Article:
Miners at a North Yorkshire coal mine set to close this year have staged a rally to call on the government to provide funds to keep it open.
Kellingley Colliery is set to close in 2015 with the loss of about 700 jobs.
Workers, MPs, activists and union leaders marched through Knottingley and held a rally at Kellingley Social Club.
Among those attending the rally was Actor George McKay, who starred in the critically-acclaimed movie ‘Pride’, which depicts the true story of a lesbian and gay activist group (LGSM) who helped raise money for families affected by the British Miner’s strike of 1984.
Dai Donovan, an ex miner turned trade unionist who played a key role in working with LGSM during the Miner’s Strike, came to the Kellingley rally to represent Welsh miners and the team from LGSM. He said it was vital that politicians gave miners a fair chance with investment to keep the pits going.
Politician Sian James – Labour MP for Swansea East – also spoke passionately at the rally about the importance of securing a future for coal, especially with clean coal technology coming online and gradually becoming commercialised.
The Kellingley mine is under threat of closure after UK Coal suffered a catastrophic fire at the Daw Mill coal mine two years ago. A deal was done late last year to keep it open until the end of 2015 and plans have now been submitted for Government support that would see that extended to 2018. But the Government has been dragging its feet and refusing to look at ways to keep the pit open.
Labour MP, Yvette Cooper, also attending the rally, said: “It’s 30 years this year since the end of the Strike, but round here people haven’t forgotten the fight to keep our pits open. Well now our last mine is threatened, and if the Government doesn’t act fast it will be too late. The cost of keeping Kellingley open is going up week after week yet the Government is just dragging its feet trying to kill off the pit by stealth. If they’d done a proper deal for Kellingley when we first called for action, the investment need would be a fraction of what is needed now to close the face-gap.”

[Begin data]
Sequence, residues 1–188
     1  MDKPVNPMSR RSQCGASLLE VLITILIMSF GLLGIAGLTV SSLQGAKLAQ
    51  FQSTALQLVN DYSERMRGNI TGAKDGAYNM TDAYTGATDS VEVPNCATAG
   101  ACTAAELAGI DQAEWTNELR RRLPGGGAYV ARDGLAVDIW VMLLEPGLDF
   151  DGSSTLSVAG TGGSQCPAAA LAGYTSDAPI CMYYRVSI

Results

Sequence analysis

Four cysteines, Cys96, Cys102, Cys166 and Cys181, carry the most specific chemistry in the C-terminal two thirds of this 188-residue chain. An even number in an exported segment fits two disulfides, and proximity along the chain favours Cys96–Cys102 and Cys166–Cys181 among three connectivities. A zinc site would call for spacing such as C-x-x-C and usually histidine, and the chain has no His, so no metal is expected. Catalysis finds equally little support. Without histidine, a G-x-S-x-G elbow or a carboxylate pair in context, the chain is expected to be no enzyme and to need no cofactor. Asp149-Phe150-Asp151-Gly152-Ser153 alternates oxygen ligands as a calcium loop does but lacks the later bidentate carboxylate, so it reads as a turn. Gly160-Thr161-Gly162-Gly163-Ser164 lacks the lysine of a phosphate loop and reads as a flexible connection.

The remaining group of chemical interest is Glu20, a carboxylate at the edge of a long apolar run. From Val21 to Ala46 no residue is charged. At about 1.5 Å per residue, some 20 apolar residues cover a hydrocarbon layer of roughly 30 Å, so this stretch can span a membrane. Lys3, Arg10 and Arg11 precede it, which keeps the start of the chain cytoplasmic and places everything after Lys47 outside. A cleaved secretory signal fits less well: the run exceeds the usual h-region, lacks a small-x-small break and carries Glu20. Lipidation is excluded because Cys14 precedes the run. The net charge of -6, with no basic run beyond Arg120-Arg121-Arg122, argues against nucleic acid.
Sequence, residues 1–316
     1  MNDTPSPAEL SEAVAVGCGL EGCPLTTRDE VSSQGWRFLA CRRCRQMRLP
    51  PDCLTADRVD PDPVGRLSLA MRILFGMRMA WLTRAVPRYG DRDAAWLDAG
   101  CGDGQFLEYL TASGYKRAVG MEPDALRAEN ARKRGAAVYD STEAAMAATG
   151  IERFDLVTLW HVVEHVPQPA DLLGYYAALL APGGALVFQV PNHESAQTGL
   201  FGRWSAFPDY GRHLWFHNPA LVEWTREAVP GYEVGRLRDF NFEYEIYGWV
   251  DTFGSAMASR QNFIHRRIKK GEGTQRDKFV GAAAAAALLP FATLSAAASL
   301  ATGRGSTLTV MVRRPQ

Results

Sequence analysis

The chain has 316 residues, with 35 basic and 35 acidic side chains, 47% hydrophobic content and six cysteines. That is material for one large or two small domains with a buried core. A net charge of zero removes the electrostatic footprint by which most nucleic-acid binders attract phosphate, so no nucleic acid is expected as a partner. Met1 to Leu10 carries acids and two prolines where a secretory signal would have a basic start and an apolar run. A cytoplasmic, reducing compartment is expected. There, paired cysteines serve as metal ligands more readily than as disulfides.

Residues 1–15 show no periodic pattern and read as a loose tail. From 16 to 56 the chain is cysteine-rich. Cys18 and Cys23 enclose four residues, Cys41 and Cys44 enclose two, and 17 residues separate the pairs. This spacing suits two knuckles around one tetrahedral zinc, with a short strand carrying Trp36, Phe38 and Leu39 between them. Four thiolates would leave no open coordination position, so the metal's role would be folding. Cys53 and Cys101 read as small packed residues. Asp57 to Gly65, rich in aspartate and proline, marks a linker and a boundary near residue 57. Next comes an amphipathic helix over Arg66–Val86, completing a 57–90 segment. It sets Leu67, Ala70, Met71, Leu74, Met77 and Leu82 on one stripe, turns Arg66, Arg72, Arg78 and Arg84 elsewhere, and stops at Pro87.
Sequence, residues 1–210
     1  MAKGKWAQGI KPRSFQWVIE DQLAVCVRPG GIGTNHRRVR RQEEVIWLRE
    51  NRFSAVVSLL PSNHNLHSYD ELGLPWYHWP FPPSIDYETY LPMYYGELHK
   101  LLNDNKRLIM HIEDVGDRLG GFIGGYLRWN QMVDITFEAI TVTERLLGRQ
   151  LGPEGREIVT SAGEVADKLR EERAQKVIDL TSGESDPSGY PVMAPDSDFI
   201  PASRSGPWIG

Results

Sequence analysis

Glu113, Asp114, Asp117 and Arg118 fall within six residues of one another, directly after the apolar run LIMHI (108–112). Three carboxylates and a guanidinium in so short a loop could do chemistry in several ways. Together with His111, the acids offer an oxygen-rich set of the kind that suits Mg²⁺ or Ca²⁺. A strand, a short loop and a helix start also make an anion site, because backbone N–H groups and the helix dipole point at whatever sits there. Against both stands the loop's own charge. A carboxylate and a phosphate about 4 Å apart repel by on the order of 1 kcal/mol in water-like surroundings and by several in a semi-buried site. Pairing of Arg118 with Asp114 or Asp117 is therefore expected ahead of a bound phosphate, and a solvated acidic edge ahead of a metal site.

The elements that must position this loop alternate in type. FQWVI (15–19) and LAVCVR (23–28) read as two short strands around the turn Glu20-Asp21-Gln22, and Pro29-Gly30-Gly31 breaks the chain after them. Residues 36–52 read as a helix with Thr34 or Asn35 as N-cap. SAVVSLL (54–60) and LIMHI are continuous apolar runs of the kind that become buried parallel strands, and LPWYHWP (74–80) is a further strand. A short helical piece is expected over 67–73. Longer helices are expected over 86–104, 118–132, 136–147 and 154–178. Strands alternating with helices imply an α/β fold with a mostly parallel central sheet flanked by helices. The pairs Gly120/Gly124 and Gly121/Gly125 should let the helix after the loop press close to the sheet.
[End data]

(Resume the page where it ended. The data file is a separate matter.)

“That’s why we need urgent action now before it is too late, and before the major redundancies in April. The Government should be working with UK Coal, private investors, the power companies and Europe to get a package in place including state aid to keep the pit open,” Cooper said.
“We’ve always stood together in the past when times have been tough and I know we’ll do the same now to show our support to our miners and their families,” Cooper added.
Chris Kitchen, General Secretary of the National Union of Mineworkers (NUM), said: “We have been fighting for the survival of the British Deep Mined Coal Industry for the last 30 years, we will continue to fight to the last. The UK gets over 30% of its electricity from coal and we must make sure that it is British Deep Mined Coal keeping British Miners in work rather than importing all our coal”.
In August, UK Business Secretary, Vince Cable, said giving government funds to keep the mine open "wouldn't be good value for money".
Kellingley is one of the last three remaining underground coal mines in the UK – the others being Hatfield in South Yorkshire and Thoresby in Nottinghamshire.
Edited from various sources by Sam Dodson
Read the article online at: https://www.worldcoal.com/coal/02022015/rallies-held-against-kellingley-closure-1833/